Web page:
Does per stirpes include siblings?

Yes, if siblings are named in the will as an heir then they would generally receive their own separate share based on the provisions specified in the will (whether it be per capita or per stirpes).

What happens if a per stirpes beneficiary dies?

If a beneficiary dies before receiving their share, then their portion would typically be divided among their children. If there are no living children, then their share would generally be given to their surviving siblings or other surviving relatives designated in the will.

How many generations does per stirpes cover?

It typically covers all generations of heirs specified in the will.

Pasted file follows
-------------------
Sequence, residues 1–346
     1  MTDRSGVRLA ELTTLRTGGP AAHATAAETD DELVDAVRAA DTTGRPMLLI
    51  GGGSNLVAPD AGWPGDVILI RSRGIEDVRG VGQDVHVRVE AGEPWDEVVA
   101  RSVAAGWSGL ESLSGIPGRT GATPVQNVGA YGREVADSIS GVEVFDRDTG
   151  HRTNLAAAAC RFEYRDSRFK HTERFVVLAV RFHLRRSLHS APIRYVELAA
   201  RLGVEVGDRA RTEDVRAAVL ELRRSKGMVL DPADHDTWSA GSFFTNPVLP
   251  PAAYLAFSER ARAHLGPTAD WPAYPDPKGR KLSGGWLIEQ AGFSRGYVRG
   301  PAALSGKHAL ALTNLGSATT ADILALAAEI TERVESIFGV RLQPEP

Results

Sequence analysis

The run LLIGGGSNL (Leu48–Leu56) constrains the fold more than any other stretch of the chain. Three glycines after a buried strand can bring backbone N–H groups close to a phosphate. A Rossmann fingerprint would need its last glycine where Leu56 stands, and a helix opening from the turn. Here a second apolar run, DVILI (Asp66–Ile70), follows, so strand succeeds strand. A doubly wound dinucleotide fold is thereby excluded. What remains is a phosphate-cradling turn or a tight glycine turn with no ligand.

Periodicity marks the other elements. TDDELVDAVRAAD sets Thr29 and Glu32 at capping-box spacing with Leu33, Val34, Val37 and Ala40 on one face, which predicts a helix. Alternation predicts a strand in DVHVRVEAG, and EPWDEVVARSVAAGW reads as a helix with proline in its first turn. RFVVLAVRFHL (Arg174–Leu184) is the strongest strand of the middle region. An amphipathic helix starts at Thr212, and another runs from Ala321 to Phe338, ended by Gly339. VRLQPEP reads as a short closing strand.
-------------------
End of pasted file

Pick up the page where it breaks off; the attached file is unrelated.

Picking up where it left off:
Does per stirpes mean equal distribution?

No, not necessarily. Under per stirpes, each generation receives its own separate share which may result in unequal distribution among generations depending on how many heirs exist within each generation.

How do you use per capita in a will?

In order to use per capita in a will, you must specifically designate it as such in your instructions for asset distribution. This should include naming all of your heirs and specifying what percentage or fractional share each heir should receive.